In this Book
Classical Greek Oligarchy thoroughly reassesses an important but neglected form of ancient Greek government, the "rule of the few." Matthew Simonton challenges scholarly orthodoxy by showing that oligarchy was not the default mode of politics from time immemorial, but instead emerged alongside, and in reaction to, democracy. He establishes for the first time how oligarchies maintained power in the face of potential citizen resistance. The book argues that oligarchs designed distinctive political institutions—such as intra-oligarchic power sharing, targeted repression, and rewards for informants—to prevent collective action among the majority population while sustaining cooperation within their own ranks.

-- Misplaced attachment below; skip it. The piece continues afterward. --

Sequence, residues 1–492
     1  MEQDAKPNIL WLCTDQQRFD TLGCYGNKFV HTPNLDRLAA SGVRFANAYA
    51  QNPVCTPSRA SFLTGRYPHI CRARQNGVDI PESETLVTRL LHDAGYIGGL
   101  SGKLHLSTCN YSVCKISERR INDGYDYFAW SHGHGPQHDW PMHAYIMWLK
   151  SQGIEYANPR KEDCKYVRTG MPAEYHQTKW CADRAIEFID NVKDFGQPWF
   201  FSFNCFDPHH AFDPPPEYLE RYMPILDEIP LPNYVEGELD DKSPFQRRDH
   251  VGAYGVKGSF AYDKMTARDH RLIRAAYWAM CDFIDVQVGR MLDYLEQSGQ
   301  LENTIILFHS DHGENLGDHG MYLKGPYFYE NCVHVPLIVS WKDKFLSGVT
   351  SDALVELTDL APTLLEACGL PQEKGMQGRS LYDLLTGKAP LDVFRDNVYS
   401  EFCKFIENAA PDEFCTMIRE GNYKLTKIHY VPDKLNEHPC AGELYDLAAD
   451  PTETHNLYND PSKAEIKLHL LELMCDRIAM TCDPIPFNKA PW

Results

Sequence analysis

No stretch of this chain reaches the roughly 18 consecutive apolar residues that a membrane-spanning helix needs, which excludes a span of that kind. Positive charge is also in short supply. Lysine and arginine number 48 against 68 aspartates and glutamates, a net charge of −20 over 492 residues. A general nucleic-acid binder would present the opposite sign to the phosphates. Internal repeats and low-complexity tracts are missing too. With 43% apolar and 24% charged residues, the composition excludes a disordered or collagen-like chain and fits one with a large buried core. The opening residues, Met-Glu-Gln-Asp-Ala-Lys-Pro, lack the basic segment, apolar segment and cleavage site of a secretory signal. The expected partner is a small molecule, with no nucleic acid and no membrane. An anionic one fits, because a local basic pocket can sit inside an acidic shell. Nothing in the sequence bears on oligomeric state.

To clarify the workings of oligarchic institutions, Simonton draws on recent social science research on authoritarianism. Like modern authoritarian regimes, ancient Greek oligarchies had to balance coercion with co-optation in order to keep their subjects disorganized and powerless. The book investigates topics such as control of public space, the manipulation of information, and the establishment of patron-client relations, frequently citing parallels with contemporary nondemocratic regimes. Simonton also traces changes over time in antiquity, revealing the processes through which oligarchy lost the ideological battle with democracy for legitimacy.
Classical Greek Oligarchy represents a major new development in the study of ancient politics. It fills a longstanding gap in our knowledge of nondemocratic government while greatly improving our understanding of forms of power that continue to affect us today.